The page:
More precisely, the invention provides a regenerator for a soliton pulse transmission system, including a device for optically modulating the soliton signal that is to be regenerated with an optical clock signal, wherein the modulator device is included in an interferometer, and by means for synchronizing the soliton signal to be regenerated and the optical clock as a function of the intensity of the output signal from the interferometer.

The modulator device may be a phase modulator device, or a semiconductor modulator. The modulator device may also be a distributed optical modulator device, preferably distributed in the transmission fiber of the transmission system.

In an embodiment, the interferometer is a Sagnac interferometer, preferably a non-linear optical loop mirror. In which case, the interferometer advantageously includes polarization-maintaining fiber.

Preferably, the synchronization means adjust the phase of the clock signal in such a manner as to maximize the intensity of the output signal from the interferometer. Preferably, the clock signal is derived from the soliton signal to be regenerated.

The invention also provides an optical transmission system including at least one such regenerator.

Finally, the invention provides a method of regenerating a soliton signal, the method comprising:

optically modulating the soliton signal to be regenerated with an optical clock in a modulator contained within an interferometer; and

synchronizing the optical clock and the soliton signal to be regenerated as a function of the intensity of the output signal from the interferometer.

Advantageously, the modulation is phase modulation, preferably distributed optical phase modulation. In an implementation, the interferometer is a Sagnac interferometer, preferably a non-linear optical loop mirror.

In an implementation, neutrality relative to birefringence is ensured by means of a polarization-maintaining fiber.

Advantageously, synchronization is performed by adjusting the phase of the clock signal so as to maximize the intensity of the output signal from the interferometer. It is also possible to provide a step of deriving the clock signal from the soliton signal to be regenerated.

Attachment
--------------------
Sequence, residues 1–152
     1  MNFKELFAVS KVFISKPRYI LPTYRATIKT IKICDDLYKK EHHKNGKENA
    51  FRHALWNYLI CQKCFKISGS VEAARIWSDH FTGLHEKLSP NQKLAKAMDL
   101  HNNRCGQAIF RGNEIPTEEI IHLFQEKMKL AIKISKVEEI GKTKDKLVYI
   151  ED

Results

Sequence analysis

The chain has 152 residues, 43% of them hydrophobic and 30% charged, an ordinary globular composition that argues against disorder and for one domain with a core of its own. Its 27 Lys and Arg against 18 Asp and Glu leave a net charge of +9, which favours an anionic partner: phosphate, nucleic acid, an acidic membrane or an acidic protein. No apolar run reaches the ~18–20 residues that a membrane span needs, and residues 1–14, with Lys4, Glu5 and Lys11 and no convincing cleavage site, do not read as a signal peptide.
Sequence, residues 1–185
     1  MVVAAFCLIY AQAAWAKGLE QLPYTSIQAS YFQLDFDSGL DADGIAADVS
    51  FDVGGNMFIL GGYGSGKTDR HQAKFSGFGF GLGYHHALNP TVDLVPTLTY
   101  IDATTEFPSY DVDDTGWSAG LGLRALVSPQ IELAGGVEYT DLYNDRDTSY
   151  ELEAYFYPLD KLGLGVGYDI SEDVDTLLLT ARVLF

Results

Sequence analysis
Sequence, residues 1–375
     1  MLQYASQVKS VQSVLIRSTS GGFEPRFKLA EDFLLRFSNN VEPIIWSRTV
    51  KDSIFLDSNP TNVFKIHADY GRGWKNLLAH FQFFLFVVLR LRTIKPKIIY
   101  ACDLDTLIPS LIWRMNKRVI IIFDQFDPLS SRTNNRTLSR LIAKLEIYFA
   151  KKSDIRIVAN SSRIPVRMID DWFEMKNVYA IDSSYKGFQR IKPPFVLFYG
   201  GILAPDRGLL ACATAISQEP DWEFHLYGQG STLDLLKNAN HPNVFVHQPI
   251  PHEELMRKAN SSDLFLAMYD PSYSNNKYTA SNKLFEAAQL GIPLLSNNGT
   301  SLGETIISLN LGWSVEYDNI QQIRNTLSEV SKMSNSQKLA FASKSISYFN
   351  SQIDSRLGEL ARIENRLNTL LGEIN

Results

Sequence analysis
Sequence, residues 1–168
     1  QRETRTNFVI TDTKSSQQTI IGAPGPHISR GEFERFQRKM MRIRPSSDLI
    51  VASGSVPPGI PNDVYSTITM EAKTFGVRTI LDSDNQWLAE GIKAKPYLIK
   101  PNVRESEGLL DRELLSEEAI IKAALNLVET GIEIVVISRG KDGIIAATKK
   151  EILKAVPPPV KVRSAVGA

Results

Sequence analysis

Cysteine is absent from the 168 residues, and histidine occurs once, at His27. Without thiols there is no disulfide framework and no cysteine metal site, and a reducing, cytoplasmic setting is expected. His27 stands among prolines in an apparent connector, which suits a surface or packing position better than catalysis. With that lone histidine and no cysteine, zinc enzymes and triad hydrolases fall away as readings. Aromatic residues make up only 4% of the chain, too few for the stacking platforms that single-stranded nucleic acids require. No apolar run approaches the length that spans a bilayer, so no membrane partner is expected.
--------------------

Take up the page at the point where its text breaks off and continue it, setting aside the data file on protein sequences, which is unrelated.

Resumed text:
BRIEF DESCRIPTION OF THE DRAWING

Other characteristics and advantages of the invention appear on reading the following description of embodiments of the invention given by way of example and with reference to the accompanying drawing, in which:

FIG. 1 is a theoretical diagram of a first embodiment of a regenerator of the invention;

FIG. 2 is a theoretical diagram of a second. embodiment of a regenerator of the invention; and

FIG. 3 is a theoretical diagram of a third embodiment of a regenerator of the invention.

MORE DETAILED DESCRIPTION

The invention proposes regenerating the incident soliton signal by optical phase modulation using a clock; the phase modulator is disposed in an interferometer whose output signal can be used to control synchronization of the clock and the soliton signal. In a preferred embodiment, the optical modulation is distributed optical modulation in a modulation fiber. The modulation fiber is included in a Sagnac interferometer and the intensity of the output signal from the interferometer is thus representative of the phase profile integrated over the full length of the modulation fiber.

FIG. 1 is a theoretical diagram of a regenerator of the invention, operating on this principle. In the FIG. 1 embodiment, the Sagnac interferometer is a non-linear optical loop mirror (NOLM). The FIG. 1 regenerator thus comprises a fiber 1 on which the soliton signal to be regenerated arrives; the fiber 1 is closed by a first 2/2 coupler with a coupling ratio η1/(1−η1) so as to form a NOLM. The fiber 1 passes a first time through the first coupler 2, then a second time through the first coupler 2 in the opposite direction, thereby forming a NOLM with a length of fiber 3. On the fiber 3, downstream from the first coupler 2, there is a second coupler 4 which couples a clock into the fiber 3, which clock is received on a fiber 5. The coupler 4 may advantageously be constituted by a multiplexing coupler, thereby making it possible to minimize losses.

The modulating clock copropagates with the soliton signal to be regenerated over a modulation length of the fiber 1 where it modulates the soliton signal. On leaving said length of fiber, the regenerator has a filter 6 which filters out the clock signal, and a third coupler 7 which extracts the regenerated soliton signal from the fiber 1 and applies it to a fiber 8. The third coupler 7 has a coupling ratio η2/(1−η2). The fiber 1 then passes again through the first coupler 2 so as to form a mirror. At the outlet from the mirror, the fiber 1 is then connected to a low frequency (LF) converter, e.g. an LF diode 9.